n. A small compartment used for storing folded document.


Pigeonholes are usually found in groups, ranging from a few on a desk to many in a pigeonhole cabinet.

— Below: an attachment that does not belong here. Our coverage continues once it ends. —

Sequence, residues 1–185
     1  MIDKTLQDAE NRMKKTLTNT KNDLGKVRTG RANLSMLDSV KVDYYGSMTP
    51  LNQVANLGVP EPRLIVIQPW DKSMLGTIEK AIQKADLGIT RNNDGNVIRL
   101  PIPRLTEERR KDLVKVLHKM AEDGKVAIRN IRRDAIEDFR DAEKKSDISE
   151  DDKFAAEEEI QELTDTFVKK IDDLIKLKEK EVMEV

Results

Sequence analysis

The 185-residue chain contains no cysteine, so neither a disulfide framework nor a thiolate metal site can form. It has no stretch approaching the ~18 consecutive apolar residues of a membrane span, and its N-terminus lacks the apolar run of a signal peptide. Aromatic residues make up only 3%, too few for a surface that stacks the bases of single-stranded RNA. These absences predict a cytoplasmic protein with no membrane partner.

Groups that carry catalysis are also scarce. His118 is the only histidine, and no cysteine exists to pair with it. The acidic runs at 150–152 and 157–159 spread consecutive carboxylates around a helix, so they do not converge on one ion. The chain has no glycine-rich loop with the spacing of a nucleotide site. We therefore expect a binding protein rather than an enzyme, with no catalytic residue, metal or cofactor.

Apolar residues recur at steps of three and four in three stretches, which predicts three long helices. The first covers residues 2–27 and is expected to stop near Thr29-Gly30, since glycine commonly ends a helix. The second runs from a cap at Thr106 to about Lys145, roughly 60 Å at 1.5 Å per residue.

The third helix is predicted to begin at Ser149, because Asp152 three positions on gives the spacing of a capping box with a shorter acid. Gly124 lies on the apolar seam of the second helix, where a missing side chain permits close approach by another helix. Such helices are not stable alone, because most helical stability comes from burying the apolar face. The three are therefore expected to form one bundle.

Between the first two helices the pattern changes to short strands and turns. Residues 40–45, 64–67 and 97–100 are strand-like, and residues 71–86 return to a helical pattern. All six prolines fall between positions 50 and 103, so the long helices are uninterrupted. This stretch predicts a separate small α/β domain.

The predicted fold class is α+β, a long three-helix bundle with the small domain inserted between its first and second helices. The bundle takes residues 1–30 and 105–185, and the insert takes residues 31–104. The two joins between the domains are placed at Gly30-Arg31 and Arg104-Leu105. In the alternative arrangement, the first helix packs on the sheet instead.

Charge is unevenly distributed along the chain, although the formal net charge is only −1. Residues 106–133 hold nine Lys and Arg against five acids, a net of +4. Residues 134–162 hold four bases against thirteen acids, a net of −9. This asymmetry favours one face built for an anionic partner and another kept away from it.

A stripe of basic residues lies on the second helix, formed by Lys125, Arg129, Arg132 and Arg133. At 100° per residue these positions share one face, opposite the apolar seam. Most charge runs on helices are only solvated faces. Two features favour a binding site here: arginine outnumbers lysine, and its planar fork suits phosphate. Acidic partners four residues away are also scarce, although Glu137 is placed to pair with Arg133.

Yates 1989, p. 28–29 Through the middle of the [nineteenth] century, the pigeonhole was the primary storage device for [incoming] correspondence, sometimes supplemented by a desk spindle on which papers could be impaled. ΒΆ When the pigeonholes filled up, letters were often tied up in bundles and stored in a safe place. At low levels of correspondence, such a storage system was satisfactory. The letters of the last year or two could be kept in the pigeonholes, so that by the time letters were retired they were not being actively used. As business – and correspondence – increased in the midcentury period, however, pigeonhole desks and cabinets became less satisfactory storage systems.